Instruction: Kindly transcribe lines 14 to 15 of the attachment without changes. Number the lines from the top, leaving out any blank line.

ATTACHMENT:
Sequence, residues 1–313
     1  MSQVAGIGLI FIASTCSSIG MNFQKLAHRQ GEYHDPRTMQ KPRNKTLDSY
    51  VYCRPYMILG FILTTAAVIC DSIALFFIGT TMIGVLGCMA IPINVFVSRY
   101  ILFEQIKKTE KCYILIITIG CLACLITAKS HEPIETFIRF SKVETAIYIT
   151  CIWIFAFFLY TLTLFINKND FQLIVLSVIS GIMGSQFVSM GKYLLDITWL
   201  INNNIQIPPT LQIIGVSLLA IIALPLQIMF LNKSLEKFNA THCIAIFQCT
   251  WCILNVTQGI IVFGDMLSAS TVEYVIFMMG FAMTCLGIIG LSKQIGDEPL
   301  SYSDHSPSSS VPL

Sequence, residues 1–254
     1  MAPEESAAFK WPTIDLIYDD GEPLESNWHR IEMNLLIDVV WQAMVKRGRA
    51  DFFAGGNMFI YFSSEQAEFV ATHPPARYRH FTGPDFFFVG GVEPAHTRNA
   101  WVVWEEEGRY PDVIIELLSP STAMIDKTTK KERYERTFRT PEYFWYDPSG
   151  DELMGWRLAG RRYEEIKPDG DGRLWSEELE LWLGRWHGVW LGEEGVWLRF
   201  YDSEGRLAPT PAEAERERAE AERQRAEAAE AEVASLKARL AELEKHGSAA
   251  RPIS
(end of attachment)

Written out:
   201  YDSEGRLAPT PAEAERERAE AERQRAEAAE AEVASLKARL AELEKHGSAA
   251  RPIS